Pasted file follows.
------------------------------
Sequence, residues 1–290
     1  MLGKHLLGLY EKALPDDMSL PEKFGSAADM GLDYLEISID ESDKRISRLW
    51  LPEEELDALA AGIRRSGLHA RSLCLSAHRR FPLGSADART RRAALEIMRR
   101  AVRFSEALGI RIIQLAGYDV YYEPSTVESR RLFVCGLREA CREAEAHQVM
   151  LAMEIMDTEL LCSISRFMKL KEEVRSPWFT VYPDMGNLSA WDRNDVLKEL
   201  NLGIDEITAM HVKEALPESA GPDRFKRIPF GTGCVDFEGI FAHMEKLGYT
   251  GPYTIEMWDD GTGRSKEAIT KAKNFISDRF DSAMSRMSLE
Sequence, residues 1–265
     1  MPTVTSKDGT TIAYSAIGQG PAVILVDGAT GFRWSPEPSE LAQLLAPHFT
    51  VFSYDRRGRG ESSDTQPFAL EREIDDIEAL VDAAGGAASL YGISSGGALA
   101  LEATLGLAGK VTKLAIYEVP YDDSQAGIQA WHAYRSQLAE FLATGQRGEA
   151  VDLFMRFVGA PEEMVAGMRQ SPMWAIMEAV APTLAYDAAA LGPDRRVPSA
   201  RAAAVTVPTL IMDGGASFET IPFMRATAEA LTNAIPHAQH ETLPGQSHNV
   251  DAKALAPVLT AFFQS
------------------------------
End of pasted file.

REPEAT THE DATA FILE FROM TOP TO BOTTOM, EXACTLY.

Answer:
Sequence, residues 1–290
     1  MLGKHLLGLY EKALPDDMSL PEKFGSAADM GLDYLEISID ESDKRISRLW
    51  LPEEELDALA AGIRRSGLHA RSLCLSAHRR FPLGSADART RRAALEIMRR
   101  AVRFSEALGI RIIQLAGYDV YYEPSTVESR RLFVCGLREA CREAEAHQVM
   151  LAMEIMDTEL LCSISRFMKL KEEVRSPWFT VYPDMGNLSA WDRNDVLKEL
   201  NLGIDEITAM HVKEALPESA GPDRFKRIPF GTGCVDFEGI FAHMEKLGYT
   251  GPYTIEMWDD GTGRSKEAIT KAKNFISDRF DSAMSRMSLE
Sequence, residues 1–265
     1  MPTVTSKDGT TIAYSAIGQG PAVILVDGAT GFRWSPEPSE LAQLLAPHFT
    51  VFSYDRRGRG ESSDTQPFAL EREIDDIEAL VDAAGGAASL YGISSGGALA
   101  LEATLGLAGK VTKLAIYEVP YDDSQAGIQA WHAYRSQLAE FLATGQRGEA
   151  VDLFMRFVGA PEEMVAGMRQ SPMWAIMEAV APTLAYDAAA LGPDRRVPSA
   201  RAAAVTVPTL IMDGGASFET IPFMRATAEA LTNAIPHAQH ETLPGQSHNV
   251  DAKALAPVLT AFFQS